10 Tweets Say Exactly What Needs To Be Said About What Just Went Down In Pakistan

Pakistan suffered a horrid tragedy: a school shooting perpetrated by extremist militants in the name of a verryyyyy extreme interpretation of "religious" dogma.

Just hearing about it, comedian Kumail Nanjiani (you've seen him on TV), himself a Muslim originally from Pakistan and now living in L.A., reacted.


What Nanjiani is doing is a truly great representation of what it's like to see people like you, or who you care about, or who could even be loved ones ... killed.

You'd feel mad. Sad. Confused. Helpless. Misrepresented. And eager to share some illuminating factoids. Lucky for us, Nanjiani did just that.

#RealTalk #ReallyUpsetting

This is the best part. In tragedies, I *always* admire those who call on us to walk in another's shoes.

While this was breaking news on Dec. 16, 2014 .... Twitter was oddly silent.

In my opinion, there's a part of American culture that "just accepts" this kind of violence ... especially in places like Pakistan. We're immune to it because we view that violence as just so common.

Why are we unsurprised when certain cultures experience violence? Stereotypes we don't question and a lack of role models in the world who actively show us that extremes are exactly that: stereotypes.

I'm sure we've all been judged based on a stereotype about us. I'm sure we've all been there when someone, some place, or some thing that we relate to gets judged based on a stereotype. It's frustrating, to say the very least.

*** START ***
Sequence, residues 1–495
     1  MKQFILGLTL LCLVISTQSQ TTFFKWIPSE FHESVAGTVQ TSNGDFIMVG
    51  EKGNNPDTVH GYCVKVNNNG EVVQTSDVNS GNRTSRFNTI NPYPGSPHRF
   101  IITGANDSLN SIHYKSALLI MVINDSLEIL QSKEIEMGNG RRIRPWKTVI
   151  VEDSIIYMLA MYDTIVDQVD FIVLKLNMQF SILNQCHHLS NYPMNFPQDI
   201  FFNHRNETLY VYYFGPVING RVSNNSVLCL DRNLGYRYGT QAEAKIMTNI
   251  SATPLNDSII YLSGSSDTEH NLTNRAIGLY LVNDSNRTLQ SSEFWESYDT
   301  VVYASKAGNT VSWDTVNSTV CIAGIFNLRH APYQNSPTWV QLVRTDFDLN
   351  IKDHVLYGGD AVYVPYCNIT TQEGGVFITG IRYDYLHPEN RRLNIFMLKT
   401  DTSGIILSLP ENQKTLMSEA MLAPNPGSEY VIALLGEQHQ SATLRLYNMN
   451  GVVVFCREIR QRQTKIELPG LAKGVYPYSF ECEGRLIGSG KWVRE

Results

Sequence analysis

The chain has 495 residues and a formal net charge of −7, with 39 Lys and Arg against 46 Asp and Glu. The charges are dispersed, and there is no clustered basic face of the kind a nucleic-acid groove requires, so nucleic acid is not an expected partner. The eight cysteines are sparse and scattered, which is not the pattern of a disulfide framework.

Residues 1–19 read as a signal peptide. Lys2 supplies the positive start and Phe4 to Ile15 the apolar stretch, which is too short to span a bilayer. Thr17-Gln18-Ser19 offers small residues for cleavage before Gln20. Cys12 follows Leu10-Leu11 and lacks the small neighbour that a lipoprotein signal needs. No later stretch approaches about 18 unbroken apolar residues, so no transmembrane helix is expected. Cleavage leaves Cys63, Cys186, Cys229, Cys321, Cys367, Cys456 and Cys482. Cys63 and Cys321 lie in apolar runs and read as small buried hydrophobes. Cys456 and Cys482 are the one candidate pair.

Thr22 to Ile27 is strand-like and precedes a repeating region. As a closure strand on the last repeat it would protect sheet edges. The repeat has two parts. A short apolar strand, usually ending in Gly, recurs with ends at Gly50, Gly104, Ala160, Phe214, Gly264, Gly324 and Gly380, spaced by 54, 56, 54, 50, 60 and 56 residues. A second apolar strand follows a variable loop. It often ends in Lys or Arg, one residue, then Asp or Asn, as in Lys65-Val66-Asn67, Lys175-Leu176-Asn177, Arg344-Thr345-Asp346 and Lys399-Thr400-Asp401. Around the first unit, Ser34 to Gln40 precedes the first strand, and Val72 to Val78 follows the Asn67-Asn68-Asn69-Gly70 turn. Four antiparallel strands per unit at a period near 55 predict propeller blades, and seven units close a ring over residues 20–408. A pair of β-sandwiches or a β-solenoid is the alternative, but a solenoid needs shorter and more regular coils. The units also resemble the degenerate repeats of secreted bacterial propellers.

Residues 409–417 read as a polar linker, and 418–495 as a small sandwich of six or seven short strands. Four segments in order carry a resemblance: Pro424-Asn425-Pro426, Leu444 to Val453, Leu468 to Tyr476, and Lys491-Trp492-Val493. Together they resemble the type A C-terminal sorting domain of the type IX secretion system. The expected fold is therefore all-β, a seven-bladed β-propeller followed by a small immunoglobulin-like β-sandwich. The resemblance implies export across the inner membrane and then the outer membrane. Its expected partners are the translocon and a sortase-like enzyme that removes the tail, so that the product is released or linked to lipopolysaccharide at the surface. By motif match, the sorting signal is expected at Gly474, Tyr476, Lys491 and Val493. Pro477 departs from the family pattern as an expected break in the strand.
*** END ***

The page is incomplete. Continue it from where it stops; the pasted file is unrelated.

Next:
What do you see when you imagine a Muslim man? Any stereotypes you'd like to check?

This is where knowledge is dropped.

And this is where I wonder why more news shows don't point this out.

The Pakistani government's reputation is so warped that it chose to come out and say that it doesn't support crimes like this attack on schoolchildren.

This part — where he talks about his home — is sad but also bittersweet.

Have you ever been away from somewhere special to you and seen bad things happen? How do you feel?

More comedians with deep things to say, please.

Maybe if more people see this anguish, we can come together to stop tweets like this — or, more importantly, massacres like this — from ever happening again.

It's worth a try.

#PrayForPeshawar

This article originally appeared on 01.09.18


Why should a superintendent get a raise while teachers in the same district struggling to make ends meet see their paychecks flatline — year after year after year?

Teacher Deyshia Hargrave begged the question. Minutes later, she was handcuffed and placed in the backseat of a cop car.

The scene was captured below by YouTube user Chris Rosa, who attended a board meeting for Vermilion Parish Schools in Louisiana.

You can watch Hargrave begin speaking about 33 seconds in. The situation starts becoming contentious around 6:35 minutes. Hargrave is arrested at 8:35, and then walked outside in handcuffs and placed in the back of police vehicle. (Story continues below.)



"We work very hard with very little to maintain the salaries that we have," Hargrave, who teaches middle school language arts, said during a public comment portion of the meeting, stating that she's seen classroom sizes balloon during her time at the school with no increased compensation. "We're meeting those goals, while someone in that position of leadership [the superintendent] is getting raise? It's a sad, sad day to be a teacher in Vermilion Parish."

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